1a. Small overall dimensions: length should be under 105mm, width should be under 70mm. Light weight is also required.
1b. When held naturally, the center of grip-- the point in the middle of your points of contact with the mouse, that is, for fingertip grip, the point in the middle of where all your fingers touch it-- must coincide with ALL
of the following simultaneously: the center of mass, the center of drag, and the sensor position. You must be able to press the mouse buttons comfortably with CoG aligned with CoM, CoD, and sensor. Note that almost all mice fail this for fingertip grip, leading to inferior physical control. In particular, any mouse where the buttons do not extend at least 2/3rds of the way back is almost certain to fail. This is actually a criterion for all grips, but CoG falls in a very different place with fingertip grip than it does with either palm or claw grip, since you're not touching the back of the mouse.
1c. Must easily be able to push both forward and back with fingertips alone, while holding naturally and able to push the buttons. All mice where the side is curving inwards (moving from back to front) at the point where your thumb contacts the mouse fail this criterion and therefore have inferior y-axis control; this rules out "hourglass" shapes (looking from above), and any oval shape with short buttons.
1d. )_( shape is mandatory for the sides. \_/ fails because, with fingertip grip, all sideways velocity is imparted by the thumb, and there isn't really much holding the mouse down except for fingers that are on buttons, so that shape can lead to accidental lifting or tilting during rapid sideways motion. /_\ fails because you need to be able to lift off a lot. |_| basically has all of the problems of both of those shapes, since the surface of your thumb is round. Only )_( is acceptable.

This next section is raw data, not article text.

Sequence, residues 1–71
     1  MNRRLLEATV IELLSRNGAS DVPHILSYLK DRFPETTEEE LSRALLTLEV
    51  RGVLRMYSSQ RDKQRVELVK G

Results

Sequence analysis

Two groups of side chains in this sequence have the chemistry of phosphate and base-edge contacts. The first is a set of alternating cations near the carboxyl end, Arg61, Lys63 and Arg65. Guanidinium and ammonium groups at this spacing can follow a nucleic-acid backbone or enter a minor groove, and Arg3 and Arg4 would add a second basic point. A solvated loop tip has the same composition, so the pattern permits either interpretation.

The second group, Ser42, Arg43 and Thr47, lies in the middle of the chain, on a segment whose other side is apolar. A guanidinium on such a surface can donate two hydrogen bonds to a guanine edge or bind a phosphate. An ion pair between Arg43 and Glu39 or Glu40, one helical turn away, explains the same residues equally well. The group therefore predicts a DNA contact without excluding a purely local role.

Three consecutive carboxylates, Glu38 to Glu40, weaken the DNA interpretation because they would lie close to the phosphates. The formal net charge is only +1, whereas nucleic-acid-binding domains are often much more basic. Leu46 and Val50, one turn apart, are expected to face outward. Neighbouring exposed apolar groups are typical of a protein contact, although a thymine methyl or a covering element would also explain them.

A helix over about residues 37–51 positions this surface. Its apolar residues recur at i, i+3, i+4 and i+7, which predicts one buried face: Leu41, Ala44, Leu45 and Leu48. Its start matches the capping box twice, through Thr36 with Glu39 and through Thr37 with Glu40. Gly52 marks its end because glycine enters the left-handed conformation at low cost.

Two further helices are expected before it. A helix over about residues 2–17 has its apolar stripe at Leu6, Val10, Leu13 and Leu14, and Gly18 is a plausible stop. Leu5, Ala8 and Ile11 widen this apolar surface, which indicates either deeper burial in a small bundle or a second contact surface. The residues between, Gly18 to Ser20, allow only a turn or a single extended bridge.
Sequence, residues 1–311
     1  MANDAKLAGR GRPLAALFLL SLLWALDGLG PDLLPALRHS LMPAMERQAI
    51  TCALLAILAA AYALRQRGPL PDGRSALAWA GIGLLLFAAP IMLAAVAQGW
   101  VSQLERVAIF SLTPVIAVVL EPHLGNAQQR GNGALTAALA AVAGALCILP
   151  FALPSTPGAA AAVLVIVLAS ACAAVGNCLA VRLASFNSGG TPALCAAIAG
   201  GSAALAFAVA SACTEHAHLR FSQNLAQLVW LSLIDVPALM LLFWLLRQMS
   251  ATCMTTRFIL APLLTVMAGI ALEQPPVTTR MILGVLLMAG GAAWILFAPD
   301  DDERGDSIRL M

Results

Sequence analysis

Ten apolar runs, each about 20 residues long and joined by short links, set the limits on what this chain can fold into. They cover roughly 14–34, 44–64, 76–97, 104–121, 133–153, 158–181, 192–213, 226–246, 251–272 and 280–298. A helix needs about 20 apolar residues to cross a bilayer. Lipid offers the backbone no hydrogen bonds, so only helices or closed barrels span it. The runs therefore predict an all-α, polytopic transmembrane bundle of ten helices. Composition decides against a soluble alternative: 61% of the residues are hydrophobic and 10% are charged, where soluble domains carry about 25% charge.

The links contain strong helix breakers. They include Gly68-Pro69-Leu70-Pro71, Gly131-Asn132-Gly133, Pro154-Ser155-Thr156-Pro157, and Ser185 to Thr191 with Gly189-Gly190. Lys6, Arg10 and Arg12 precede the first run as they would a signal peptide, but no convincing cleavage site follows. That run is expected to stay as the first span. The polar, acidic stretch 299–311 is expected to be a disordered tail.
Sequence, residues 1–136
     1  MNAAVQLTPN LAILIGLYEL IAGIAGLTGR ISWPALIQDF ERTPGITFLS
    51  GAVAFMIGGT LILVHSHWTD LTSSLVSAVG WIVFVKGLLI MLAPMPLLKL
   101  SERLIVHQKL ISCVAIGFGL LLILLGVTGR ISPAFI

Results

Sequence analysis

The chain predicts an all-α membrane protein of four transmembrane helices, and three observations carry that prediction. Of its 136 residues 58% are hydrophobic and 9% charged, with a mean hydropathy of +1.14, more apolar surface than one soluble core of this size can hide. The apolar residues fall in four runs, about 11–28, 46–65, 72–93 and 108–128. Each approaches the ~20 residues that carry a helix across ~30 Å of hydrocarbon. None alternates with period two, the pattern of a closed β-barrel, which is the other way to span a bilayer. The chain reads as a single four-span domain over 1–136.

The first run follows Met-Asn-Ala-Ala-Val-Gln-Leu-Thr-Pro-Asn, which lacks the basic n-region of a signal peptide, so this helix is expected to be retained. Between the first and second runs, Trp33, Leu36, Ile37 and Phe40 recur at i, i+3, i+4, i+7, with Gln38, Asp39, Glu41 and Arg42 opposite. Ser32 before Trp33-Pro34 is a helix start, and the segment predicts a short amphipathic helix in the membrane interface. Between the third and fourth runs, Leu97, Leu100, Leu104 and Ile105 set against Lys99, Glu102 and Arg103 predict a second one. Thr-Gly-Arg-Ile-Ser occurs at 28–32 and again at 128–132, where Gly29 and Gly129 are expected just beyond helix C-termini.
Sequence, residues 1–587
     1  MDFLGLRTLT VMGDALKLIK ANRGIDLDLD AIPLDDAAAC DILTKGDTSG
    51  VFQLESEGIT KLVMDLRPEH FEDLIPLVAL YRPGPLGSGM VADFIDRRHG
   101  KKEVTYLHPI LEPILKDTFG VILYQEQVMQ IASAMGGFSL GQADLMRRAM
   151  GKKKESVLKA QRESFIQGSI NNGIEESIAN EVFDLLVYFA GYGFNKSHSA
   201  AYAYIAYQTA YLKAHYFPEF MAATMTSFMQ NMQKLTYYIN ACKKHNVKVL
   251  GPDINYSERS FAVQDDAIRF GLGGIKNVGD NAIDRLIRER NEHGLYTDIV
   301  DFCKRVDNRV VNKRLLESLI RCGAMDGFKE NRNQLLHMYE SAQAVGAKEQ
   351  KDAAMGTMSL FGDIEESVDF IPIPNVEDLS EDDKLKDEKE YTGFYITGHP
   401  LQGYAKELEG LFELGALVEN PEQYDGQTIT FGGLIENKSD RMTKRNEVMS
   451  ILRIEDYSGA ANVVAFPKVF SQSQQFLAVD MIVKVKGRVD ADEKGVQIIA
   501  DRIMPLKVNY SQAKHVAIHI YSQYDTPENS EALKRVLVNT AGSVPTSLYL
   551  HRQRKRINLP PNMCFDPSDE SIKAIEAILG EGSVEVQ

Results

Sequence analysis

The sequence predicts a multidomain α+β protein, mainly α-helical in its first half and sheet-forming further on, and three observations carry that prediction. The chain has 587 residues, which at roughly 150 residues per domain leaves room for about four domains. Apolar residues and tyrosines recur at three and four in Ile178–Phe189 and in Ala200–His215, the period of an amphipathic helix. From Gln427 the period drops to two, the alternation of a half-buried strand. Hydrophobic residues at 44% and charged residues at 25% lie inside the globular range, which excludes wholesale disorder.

1e. Some extra buttons would be nice, but conventional side buttons are non-optimal because you can't move your thumb without decreasing control. A side button behind the thumb, which can be pressed by making the thumb flatter against the side of the mouse, can work, but if this option is selected, the profile of the button must be very carefully designed so that it is not pressed by accident during vigorous sideways or diagonal motion. Extra buttons on the top surface, such as at the extreme front left and front right corners, could be a possible option.
1f. All of the usual performance criteria are still in force: a good sensor is needed, good switches, etc.
2. When I use a mouse, I use a Team Scorpion Zealot Jr. I say "when" because my wrists are in pretty crappy shape these days (thanks, Ph.D. thesis!
) and I don't have that much time for gaming anymore, so, most of the time, I use a trackball (CST L-Trac R2).